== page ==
fb-pixel Skip to main content
Opera review

BEMF crowns Monteverdi trilogy with elegant new ‘Ulisse’

Patrick Kilbride as Iro and Colin Balzer as Ulisse in the Boston Early Music Festival’s “Il Ritorno d’Ulisse in Patria.”Kathy Wittman

Not the artificial heat of a stage illusion, but the warming power of “the real sun.” This , as the poet Giacomo Badoaro wrote, was what Monteverdi could provide in his music, if only he could be persuaded to return to the genre of opera. The aging composer, who had years earlier given opera its first taste of greatness in “Orfeo,” of course did ultimately return in his seventh decade, writing a pair of vertiginous masterworks for the Venetian public in his final years: “Il Ritorno d’Ulisse in Patria” and “L’incoronazione di Poppea.”

Taken on their own terms, “Ulisse” and “Poppea” bring no small share of rewards, and, as a pair of towering late works imbued with very different tints, they have often been compared with Verdi’s “Otello” and “Falstaff.” But this week local audiences have a very rare chance to take in both works in close proximity, together with “Orfeo,” as the so-called Monteverdi trilogy headlines this year’s edition of the Boston Early Music Festival. If a single artistic team has ever staged all three works over the course of one week, no one seems to know about it.


“Ulisse,” as the festival’s new production this year, was first out of the gate, opening on Sunday afternoon at Boston University Theatre. Based on the final dozen books of the “Odyssey,” the libretto tells of the journey home of Ulisse (Ulysses) after years of absence following the end of the Trojan War. At the opera’s heart is a productive tension between epic sweep and personalized drama. On its face, the libretto has a formal bearing, dozens of characters pass over the stage, and as Ellen Ro-sand observes in a program essay, its preponderance of speech-like music and its emphasis on moral propriety place it far from the more sensual and libertine world of “Poppea.”

And yet despite these qualities, Monteverdi’s gift here for conjuring authentic emotion — the real sun, as it were — from the interactions of his characters is little short of astonishing. One commentator has credibly wondered, for instance, whether in the nearly four centuries since this opera’s premiere any composer has written a gentle scene for father and son as naturally moving as the Act 2 reunion — after a separation of 20 years — of Ulisse and his son, Telemaco.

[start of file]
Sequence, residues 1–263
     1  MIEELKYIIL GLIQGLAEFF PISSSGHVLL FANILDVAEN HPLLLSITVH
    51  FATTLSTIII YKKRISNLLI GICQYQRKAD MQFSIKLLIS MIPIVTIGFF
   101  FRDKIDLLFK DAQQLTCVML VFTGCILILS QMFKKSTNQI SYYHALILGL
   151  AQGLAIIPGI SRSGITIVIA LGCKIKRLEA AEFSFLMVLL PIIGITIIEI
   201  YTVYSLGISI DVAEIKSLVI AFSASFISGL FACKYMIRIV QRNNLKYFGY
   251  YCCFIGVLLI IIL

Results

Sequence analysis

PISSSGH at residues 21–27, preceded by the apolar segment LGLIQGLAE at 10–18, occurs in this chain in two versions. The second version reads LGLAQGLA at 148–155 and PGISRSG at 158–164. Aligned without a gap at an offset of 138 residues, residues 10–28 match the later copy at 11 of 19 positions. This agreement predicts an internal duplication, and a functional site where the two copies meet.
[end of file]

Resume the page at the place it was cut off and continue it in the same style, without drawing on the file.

Among the most striking qualities of BEMF’s superb new production, with stage direction and elegant sets by Gilbert Blin, are its intimacy and immediacy, the way it brings out the deep veins of emotion that run through Monteverdi’s stately score. A gasp could be heard from somewhere in Sunday’s audience at the close of the father-son reunion scene. Modern viewers, it seems, might expect Monteverdi’s opera to impress from a distance. Fewer encountering this music for the first time may anticipate its ability to speak with such directness across the centuries.

Sunday’s outing was lifted, too, by particularly strong and fluid performances in the principal roles. With a controlled intensity and dusky vocal colorings, Mary-Ellen Nesi conveyed the essence of the long-suffering queen Penelope, Ulisse’s wife, whose heart, as the libretto puts it, has been hardened like a diamond by her chaste loyalty to her husband’s memory, and to the hope of his eventual return. The sweet-toned tenor Zachary Wilder sang a moving Telemaco, so palpably stunned by his father’s reappearance. And as Ulisse, Colin Balzer handsomely conveyed the full range of emotion, from the weariness and humility imposed on him by fate to the unalloyed joy experienced on his return.


As one of the virtues evidently offered by this Monteverdi week, singers entrusted with lead roles in other operas could be heard on Sunday in smaller assignments, with for instance Amanda Forsythe as the goddess Giunone (Juno) and Aaron Sheehan as Eurimaco. Elsewhere in the cast, Jason McStoots was excellent as the loyal shepherd Eumete, and Mireille Asselin handled the florid vocal writing of the goddess Minerva with style and flair. The scheming suitors, who seek to soften Penelope’s resolve, were deftly sung (and nicely individuated) by José Lemos, Charles Blandy, and Christian Immler. Penelope’s follower Melanto was charmingly portrayed by Danielle Reutter-Harrah, and both Laura Pudwell and Patrick Kilbride did well in the smaller roles of Ericlea and Iro, respectively.

The themes in “Ulisse” have sweep, but the musical forces used to convey them here were anything but grand, with just a handful of strings complementing a wonderfully protean continuo group (including music directors Paul O’Dette and Stephen Stubbs). As a first-time venue for BEMF, the modest-sized Boston University Theatre was a good choice, one that allowed this intimate staging to resonate without forcing its own voice. On Sunday, a grateful ovation came swiftly, capping an auspicious start to a week of Monteverdi — and a lot more.



Boston Early Music Festival

At: Boston University Theatre, Sunday (repeats Wednesday

and Friday)

Jeremy Eichler can be reached at jeichler@globe.com.